Major refurnishing. Over the Christmas break, I decided that the orange plate Montipora coral had gotten too large, as it was right up to the surface, and also shading many of the smaller corals. Consequently I removed about ¾ of it, which amounted to ¾ of a 5 gallon bucket full of coral pieces. Plate corals, because of their growth pattern, provide an incredible maze of chambers where small creatures can live in relative safety. Along with numerous small brittle stars of the genus Amphiura (more about them in a future blog) I found the porcelain crab, Petrolisthes sp., which promptly vanished after its introduction to the tank last fall. Right after the pruning, the corals looked a little worse for wear, but they now have recovered and are growing nicely again.

Photo of Reef Tank from 2013, showing the Montipora plate coral in the back. At the time of this photo it was about half the size it was when pruned in December.

Prince George Reef Tank Tour. The Annual Prince George Reef Tank Tour will kick off its 8th season at the UNBC reef tank on Sunday, January 19, 2014, 12 noon to 4 pm. This event is open to anyone interested in reef tank keeping. Meet experts and beginners, view the tank, ask questions and get advice on aquarium keeping. Usually we have “frag” sales, i.e., reef tank keepers will bring in pieces (frags) of coral for sale at extremely discounted prices for other reef tank keepers. The Tour continues with home visits to reef tank keepers on February 2, February 16, and hopefully March 2. For picture highlights from last year’s Tank Tour see: http://www.canreef.com/vbulletin/showthread.php?t=93326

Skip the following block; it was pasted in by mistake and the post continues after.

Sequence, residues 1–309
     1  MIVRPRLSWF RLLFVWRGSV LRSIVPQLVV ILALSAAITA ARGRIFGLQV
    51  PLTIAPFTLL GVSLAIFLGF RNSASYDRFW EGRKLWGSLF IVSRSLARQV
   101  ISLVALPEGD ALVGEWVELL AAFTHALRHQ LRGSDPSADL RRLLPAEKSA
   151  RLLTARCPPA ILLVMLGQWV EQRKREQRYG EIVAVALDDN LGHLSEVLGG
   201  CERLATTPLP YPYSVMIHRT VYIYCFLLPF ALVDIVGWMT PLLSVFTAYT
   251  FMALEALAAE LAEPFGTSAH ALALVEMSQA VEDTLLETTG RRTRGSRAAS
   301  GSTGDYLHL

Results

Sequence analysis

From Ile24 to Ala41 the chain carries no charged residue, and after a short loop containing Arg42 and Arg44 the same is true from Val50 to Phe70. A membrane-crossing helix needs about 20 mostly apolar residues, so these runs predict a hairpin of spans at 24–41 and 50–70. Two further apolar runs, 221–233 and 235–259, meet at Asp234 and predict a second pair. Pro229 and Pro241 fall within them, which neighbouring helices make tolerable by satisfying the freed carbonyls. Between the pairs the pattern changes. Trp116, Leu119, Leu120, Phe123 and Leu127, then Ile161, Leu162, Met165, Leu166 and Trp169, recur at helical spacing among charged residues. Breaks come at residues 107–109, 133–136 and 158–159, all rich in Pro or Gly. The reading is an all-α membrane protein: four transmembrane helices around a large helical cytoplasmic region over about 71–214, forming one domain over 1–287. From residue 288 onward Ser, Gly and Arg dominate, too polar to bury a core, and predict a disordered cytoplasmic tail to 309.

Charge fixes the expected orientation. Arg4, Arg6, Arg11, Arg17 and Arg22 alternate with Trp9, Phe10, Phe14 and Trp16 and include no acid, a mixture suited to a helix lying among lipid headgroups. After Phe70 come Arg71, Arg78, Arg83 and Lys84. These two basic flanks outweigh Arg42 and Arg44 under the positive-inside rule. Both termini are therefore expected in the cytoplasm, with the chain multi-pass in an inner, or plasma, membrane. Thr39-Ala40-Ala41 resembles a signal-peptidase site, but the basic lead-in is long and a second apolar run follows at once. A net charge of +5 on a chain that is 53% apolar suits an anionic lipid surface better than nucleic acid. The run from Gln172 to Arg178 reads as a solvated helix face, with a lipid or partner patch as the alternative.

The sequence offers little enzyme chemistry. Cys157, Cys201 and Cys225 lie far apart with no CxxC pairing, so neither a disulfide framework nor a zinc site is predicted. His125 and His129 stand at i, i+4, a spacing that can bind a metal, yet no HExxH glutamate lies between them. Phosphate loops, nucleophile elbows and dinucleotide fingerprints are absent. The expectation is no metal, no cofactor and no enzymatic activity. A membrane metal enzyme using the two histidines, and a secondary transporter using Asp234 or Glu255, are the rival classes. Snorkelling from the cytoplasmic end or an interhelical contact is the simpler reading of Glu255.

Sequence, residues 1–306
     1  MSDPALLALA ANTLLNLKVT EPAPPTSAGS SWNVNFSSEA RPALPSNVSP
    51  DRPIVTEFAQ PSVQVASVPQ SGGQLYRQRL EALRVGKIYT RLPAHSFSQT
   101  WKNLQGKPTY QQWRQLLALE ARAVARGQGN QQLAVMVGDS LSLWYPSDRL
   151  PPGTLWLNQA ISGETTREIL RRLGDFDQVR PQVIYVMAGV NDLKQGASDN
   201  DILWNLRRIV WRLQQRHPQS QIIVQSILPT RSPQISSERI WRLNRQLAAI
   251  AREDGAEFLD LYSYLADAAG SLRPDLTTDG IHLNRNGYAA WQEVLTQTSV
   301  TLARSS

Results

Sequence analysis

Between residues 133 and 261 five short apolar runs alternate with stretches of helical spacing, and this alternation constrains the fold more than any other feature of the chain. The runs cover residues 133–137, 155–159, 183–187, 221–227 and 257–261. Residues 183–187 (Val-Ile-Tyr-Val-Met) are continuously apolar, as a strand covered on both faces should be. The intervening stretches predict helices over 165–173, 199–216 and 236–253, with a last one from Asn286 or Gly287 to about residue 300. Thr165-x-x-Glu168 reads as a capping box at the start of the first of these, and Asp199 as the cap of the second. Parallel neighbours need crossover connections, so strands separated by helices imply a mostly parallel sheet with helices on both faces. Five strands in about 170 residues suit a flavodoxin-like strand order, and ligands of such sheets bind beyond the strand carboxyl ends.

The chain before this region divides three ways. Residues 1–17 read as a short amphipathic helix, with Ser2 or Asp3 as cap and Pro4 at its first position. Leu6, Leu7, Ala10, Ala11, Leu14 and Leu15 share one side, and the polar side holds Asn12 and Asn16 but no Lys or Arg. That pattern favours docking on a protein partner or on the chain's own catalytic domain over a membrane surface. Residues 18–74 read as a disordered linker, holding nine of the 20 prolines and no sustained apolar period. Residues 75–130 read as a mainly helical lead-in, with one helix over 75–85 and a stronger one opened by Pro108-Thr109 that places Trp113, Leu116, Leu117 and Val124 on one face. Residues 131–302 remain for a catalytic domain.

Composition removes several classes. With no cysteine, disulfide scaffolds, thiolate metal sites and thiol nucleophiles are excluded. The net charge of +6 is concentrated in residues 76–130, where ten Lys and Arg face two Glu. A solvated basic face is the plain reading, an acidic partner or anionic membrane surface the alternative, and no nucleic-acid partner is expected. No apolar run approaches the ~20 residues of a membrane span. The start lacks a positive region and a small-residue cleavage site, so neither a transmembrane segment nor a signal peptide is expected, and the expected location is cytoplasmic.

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A Christmas story of the coral reef variety

It has been a while since I had a chance to write something about the reef tank. Given that it is Christmas, I thought I would pick a topic that related to the season, but before I get into that, I will introduce the latest addition to the tank. As I mentioned in the post An almost-blind killer and its watchman, the shrimp goby-pistol shrimp symbiosis was no longer visible. Unfortunately it was not because the pair had moved, but rather it appears that the goby passed away. The shrimp is still in roughly the same spot. Last week I finally managed to get a potential replacement, which is a yellow watchman goby, or yellow prawn goby, Cryptocentrus cinctus(Herre). This species was described in 1936, and

Yellow watchman goby, Cryptocentrus cinctus, with pistol shrimp, Alpheus djiboutensis. Photo: Nick Hobgood, licensed under the Creative Commons Attribution-Share Alike 3.0 Unported license.

comes from the Indo-Pacific. The first week, the specimen in the reef tank was stationed by the far left wall of the tank, but at the time of writing this it has moved to under the rock with the anemones on the right hand side of the tank. It is currently only about 3 cm long, but may grow to 8 cm. I am hoping that it will eventually find the pistol shrimp and pair up, but there is of course no guarantee that this will happen.

The Christmas-associated part of this blog will still link to the general theme of symbiosis that I started a few blogs ago, but in this case it is a somewhat one-sided association between a worm (Phylum Annelida) and a coral (Phylum Cnidaria). While the reef tank had this pair many years ago, they no longer inhabit the tank. One of the reasons is that the coral in question (a fairly non-descript species in the family Poritidae, and specifically the genus Porites) is fairly difficult to maintain in a reef tank. These SPS (small polyp stony) corals are generally beige-brown in colour with very small polyps. They require very strong light and high water movement. Many species are so called finger corals, but some species are encrusting or make more or less round rocks, e.g., the boulder coral, P. solida.